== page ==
Welcome to Historical RFA
The ‘Fresh’ class of water tank vessels were launched during World War 2 and during their early years 12 of the 14 ships in the class were manned by the RFA. These vessels would have been a familiar sight around the naval dockyards and anchorages, taking fresh water and boiler feed water to warships and auxiliaries.
In June, 1918 the Admiralty made plans for an air ship to be built which would "be required to patrol the North Sea for six days without support, as far as 300 miles from a home base." It was to have a combat ceiling of 22,000ft, and was required to carry enough fuel for 65 hours at full speed of 70.6 mph. It was agreed that the air ship would be classed as "Admiralty A Class" and was to be designated as the R38.
We have all heard of Ballistic Missile Submarines, Guided Missile Destroyers and Frigates, but how many of you have heard of a tanker with a ballistic unguided missile capability, not many I would wager.
In early 1987 RFA Olwen had two very special tubes fitted to her flight deck; each tube was around 30 feet long and 21 inches in diameter and gave the ship the appearance of an old Battleship with the tubes looking like main armament. One of the tubes had been mounted on a base plate that was cut into Olwen’s flight deck and the other was on a portable platform. The tubes were steered on two axes and had to be aligned to the ship’s centre line to operate effectively.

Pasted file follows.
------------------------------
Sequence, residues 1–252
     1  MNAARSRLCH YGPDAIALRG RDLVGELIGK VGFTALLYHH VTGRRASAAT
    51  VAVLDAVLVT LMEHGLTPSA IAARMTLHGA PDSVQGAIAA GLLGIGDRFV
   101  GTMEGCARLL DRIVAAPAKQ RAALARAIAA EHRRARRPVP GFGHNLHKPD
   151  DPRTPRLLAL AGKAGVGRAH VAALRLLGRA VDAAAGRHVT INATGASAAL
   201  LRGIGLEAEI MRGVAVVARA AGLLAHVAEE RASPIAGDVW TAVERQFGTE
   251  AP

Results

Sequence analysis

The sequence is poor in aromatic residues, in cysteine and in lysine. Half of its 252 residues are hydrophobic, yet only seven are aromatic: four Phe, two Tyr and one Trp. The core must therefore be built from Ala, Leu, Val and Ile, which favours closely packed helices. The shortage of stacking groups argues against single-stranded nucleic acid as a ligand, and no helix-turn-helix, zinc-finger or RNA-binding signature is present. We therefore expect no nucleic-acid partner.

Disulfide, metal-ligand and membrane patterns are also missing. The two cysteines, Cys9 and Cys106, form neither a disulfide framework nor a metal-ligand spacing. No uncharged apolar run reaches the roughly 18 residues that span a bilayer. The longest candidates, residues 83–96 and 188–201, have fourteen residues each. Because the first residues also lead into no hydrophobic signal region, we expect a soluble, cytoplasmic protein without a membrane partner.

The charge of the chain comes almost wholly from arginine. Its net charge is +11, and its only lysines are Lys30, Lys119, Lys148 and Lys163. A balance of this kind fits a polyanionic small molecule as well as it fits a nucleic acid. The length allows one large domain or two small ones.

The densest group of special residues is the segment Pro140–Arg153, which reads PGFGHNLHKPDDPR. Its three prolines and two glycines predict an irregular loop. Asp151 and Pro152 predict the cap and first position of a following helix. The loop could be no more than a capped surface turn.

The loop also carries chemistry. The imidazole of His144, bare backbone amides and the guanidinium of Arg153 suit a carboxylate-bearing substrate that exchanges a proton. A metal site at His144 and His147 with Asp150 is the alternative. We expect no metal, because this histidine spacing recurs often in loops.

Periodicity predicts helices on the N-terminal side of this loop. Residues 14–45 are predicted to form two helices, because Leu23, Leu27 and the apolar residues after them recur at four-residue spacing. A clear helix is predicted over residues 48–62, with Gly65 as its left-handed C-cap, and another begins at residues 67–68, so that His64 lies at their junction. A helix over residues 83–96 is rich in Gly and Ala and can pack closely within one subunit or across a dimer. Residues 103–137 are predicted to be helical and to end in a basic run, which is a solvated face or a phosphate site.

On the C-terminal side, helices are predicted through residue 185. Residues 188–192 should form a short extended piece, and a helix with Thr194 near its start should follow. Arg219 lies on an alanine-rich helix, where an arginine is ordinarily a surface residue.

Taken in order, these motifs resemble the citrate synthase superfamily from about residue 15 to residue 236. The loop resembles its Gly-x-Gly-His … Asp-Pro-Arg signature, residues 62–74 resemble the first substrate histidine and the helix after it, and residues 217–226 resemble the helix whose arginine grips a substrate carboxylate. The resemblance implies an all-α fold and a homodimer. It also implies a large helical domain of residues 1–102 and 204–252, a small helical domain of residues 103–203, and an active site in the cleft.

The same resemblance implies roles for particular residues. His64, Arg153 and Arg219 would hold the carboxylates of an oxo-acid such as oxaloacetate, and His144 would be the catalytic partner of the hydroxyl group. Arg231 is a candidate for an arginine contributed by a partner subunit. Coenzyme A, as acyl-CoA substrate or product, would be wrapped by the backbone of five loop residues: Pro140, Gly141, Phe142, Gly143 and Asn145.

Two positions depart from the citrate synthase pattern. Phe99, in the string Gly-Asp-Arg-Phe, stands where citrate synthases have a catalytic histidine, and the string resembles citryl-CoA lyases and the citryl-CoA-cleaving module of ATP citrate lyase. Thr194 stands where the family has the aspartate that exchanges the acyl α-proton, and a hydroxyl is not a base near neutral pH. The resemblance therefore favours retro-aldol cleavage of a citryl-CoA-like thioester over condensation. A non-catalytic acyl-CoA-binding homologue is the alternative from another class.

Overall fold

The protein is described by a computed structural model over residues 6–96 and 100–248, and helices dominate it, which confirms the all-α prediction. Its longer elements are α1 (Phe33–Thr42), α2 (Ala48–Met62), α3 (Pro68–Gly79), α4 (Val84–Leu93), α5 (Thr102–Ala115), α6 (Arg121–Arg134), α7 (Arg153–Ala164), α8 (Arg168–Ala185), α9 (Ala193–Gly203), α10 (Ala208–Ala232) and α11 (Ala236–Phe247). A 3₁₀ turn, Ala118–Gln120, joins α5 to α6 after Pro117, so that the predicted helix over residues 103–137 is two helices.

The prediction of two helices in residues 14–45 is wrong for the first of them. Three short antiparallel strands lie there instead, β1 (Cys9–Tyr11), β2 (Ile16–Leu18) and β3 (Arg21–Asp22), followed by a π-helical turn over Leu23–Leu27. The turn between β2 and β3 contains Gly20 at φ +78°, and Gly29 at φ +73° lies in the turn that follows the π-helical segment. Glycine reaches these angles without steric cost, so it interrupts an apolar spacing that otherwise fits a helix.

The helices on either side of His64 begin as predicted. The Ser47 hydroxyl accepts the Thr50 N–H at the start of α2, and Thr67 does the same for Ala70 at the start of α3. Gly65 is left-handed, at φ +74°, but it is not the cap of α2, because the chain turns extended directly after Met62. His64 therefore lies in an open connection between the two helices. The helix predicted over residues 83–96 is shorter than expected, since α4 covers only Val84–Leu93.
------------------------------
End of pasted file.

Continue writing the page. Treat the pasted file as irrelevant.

RFA Limol - a tragedy at Gibraltar
On 16 February 1936 at Gibraltar a local resident – Francisco Lopez Ramos – was picking grass in the side road which leads to the Jewish Cemetery when he found the body of a man hanging from a tree. He immediately called the Police and Sergeant Bacarese of the Gibraltar Police Force attended and arranged for the body to be removed to the Colonial Hospital.
The body was searched and papers found in the clothing identified the person as Sidney Hullah, an Able Seaman from RFA Limol, a harbour tanker then currently deployed at Gibraltar
An inquest touching upon the death of Sidney Hullah was held the next day before H M Coroner in Gibraltar Mr P G Russo. The ship’s Master, Captain Sidney Mitchell RFA gave evidence and advised the Court that AB Hullah had joined the ship in September 1935. He had last seen him on the 15 February. He was a quiet man who was popular with the other members of the crew. He was a married man with two children.
Chief Officer Frank C White RFA stated that after being called by the Gibraltar Police he attended the Colonial Hospital where he identified the deceased
Chief Officer Frank C White RFA
The Coroner recorded a verdict of ‘Suicide while of unsound mind’.
Able Seaman Hullah was later buried in the North Front Cemetery, Gibraltar and is recorded in our Roll of Honour for 1936.